Letter to the editor: Articles don’t help women’s plight

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In the last issue of the Collegian, two articles were featured discussing the pros and cons of dressing in revealing costumes on Halloween.

The pro article, titled “Revealing costumes empower women, not objectify the body,” argued girls should be allowed to dress provocatively on Halloween and not be judged for it, while the con article, “Showing less leaves more to the imagination,” claims women should dress modestly to preserve a sense of dignity.

Unfortunately, neither article serves to help the female population’s plight of becoming more than a walking, talking object.

They do nothing but reinforce the idea that women must dress a certain way to be wanted or loved by others.

While the article claims to be about empowering women, “Revealing costumes empower women, not objectify the body,” does just the opposite.

Instead of discussing how women’s bodies are theirs to control and flaunt and cover whenever they so please, the author argues that Halloween is the only day of the year that women are allowed to “rejoice in glitter and mini tutus.”

Does that mean that the rest of the year women should be subjected to hatred and judgment based on how they are dressed?

Should Halloween really be the only day that women are able to feel the freedom that comes with choosing an outfit, putting it on, loving how it looks and flaunting it?

How does claiming that smart women dress to compete with other women really empower them?

None of these important questions are answered, and while the article discusses the importance of sexual liberation, it does so in a way that makes it less of a personal growth and more about impressing other people.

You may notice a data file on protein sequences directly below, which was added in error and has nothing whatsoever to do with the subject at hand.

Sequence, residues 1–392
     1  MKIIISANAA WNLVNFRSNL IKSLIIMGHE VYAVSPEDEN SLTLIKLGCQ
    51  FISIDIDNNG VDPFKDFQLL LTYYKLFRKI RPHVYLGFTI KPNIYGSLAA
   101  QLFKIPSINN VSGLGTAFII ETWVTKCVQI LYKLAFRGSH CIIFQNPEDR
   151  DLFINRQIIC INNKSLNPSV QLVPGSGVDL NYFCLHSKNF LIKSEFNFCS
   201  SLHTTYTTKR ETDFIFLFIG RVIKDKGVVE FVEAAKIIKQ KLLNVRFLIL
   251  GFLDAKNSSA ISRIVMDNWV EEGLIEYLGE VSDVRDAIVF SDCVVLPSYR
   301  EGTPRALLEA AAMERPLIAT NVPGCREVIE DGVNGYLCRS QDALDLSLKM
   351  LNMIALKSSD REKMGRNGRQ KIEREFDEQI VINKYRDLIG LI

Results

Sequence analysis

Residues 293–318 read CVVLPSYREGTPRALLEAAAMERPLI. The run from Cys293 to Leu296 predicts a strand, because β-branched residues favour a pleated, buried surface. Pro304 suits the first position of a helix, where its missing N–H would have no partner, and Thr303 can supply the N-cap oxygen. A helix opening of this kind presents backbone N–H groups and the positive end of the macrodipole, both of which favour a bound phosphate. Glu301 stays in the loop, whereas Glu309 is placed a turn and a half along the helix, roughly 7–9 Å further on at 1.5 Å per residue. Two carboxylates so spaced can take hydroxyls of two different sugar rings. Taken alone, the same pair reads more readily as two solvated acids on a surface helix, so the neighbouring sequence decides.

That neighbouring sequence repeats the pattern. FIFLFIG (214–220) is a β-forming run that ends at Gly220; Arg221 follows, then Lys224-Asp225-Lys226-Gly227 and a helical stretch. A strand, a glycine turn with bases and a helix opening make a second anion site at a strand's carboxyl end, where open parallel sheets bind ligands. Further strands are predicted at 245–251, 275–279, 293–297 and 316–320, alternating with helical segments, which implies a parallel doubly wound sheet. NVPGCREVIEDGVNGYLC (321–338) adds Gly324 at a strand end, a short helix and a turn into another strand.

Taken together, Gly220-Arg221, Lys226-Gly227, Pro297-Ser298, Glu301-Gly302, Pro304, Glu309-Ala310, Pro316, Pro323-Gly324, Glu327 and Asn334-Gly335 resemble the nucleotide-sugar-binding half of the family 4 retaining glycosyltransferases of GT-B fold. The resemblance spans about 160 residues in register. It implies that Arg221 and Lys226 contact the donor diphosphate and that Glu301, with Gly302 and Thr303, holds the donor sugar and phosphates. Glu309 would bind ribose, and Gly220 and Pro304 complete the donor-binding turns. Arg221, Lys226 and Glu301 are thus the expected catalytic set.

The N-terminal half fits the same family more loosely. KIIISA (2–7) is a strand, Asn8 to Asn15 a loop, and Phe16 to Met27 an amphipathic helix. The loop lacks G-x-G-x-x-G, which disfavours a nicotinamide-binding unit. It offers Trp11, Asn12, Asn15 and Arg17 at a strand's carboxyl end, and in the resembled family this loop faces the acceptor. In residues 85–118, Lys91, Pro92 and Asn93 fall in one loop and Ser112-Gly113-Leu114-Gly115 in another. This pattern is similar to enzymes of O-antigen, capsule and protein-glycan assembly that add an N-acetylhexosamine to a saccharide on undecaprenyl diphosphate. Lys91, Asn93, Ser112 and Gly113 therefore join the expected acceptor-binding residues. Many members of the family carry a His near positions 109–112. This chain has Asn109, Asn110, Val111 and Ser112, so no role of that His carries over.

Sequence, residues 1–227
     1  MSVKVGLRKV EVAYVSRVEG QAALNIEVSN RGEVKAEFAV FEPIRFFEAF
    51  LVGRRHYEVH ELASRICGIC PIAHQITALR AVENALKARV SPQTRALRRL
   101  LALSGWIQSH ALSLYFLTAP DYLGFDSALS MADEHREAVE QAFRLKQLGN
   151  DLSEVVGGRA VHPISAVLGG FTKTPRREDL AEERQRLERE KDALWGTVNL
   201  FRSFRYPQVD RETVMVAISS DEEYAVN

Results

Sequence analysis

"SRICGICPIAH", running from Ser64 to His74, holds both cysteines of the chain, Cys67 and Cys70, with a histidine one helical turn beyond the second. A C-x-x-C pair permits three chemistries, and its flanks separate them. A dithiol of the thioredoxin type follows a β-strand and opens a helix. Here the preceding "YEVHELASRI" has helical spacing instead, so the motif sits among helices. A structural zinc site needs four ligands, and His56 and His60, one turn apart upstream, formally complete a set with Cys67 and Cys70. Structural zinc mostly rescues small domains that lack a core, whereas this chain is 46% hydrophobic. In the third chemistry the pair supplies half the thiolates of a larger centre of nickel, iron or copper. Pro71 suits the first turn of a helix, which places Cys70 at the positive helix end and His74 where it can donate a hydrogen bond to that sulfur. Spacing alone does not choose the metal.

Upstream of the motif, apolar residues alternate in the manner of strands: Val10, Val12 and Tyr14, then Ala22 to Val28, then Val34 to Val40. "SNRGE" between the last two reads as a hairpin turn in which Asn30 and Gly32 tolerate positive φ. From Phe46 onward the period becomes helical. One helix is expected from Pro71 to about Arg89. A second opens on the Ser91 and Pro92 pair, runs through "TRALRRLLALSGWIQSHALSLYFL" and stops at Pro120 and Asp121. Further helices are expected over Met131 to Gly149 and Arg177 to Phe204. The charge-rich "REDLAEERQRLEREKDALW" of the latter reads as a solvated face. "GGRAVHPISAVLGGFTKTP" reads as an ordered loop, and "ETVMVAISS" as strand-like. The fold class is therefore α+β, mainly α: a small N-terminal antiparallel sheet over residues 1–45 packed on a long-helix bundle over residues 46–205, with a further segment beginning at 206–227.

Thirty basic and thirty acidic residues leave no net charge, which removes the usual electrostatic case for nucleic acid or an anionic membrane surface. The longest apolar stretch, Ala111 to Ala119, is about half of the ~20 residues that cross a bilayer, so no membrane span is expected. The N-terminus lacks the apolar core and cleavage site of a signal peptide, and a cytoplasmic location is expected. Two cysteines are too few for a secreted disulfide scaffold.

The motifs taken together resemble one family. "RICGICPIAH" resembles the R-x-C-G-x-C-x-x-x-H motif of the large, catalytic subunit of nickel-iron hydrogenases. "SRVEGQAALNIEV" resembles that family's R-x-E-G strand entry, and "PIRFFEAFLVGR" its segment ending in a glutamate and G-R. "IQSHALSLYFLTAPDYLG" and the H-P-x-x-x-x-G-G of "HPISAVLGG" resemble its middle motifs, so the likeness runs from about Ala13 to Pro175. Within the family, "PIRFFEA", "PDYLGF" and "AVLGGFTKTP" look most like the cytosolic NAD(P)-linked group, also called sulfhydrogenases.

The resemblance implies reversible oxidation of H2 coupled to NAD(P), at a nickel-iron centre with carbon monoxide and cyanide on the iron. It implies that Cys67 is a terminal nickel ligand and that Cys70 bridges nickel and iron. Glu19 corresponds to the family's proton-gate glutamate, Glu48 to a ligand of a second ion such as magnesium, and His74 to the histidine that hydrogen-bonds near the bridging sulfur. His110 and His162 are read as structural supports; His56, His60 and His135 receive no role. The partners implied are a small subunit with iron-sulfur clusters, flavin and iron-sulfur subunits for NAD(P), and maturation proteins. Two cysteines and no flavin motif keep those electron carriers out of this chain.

At least the article gives women some respectability, even though it comes with limitations.

For some reason, modesty has almost always been equated with self-respect, as if someone who shows off a little skin cannot possibly respect themselves or deserve the respect of others, and “Showing less leaves more to the imagination,” embodies this idea perfectly.

The author asks, “Don’t girls want that “Notebook” love?” assuming that all girls want the love of a man and only dress up to please him, and insinuating that girls who dress scantly will not find true love.

Nowhere is it discussed that some girls dress for their own pleasure, their own personal sexual liberation.

To feel good when you look in the mirror and not care about the opinions of other closed minded people.

Bashing a women’s level of respectability on whether she covers up objectifies her more than her own wardrobe choice.

A few looks from someone on the street does less harm then telling women that “no one wants to see [your] probably rolls of a stomach,” which not only tells women that they need to have a certain body type to be seen as pleasing, but also that once they achieve this body type they are still not allowed to show it off because it will attract the wrong kind of attention.

Once again, it is assumed that all women dress specifically to please and attract others. Regardless of a women’s choice of apparel, be it on Halloween or any other day of the year, she should be given the same amount of respect and courtesy as everyone else.

A women’s body is not an object, and her clothes are simply an expression of her style. And in regards to the opinions of others, if someone, be them male or female, judges you or doesn’t talk to you because of how you are dressed, you haven’t missed out on anyone special.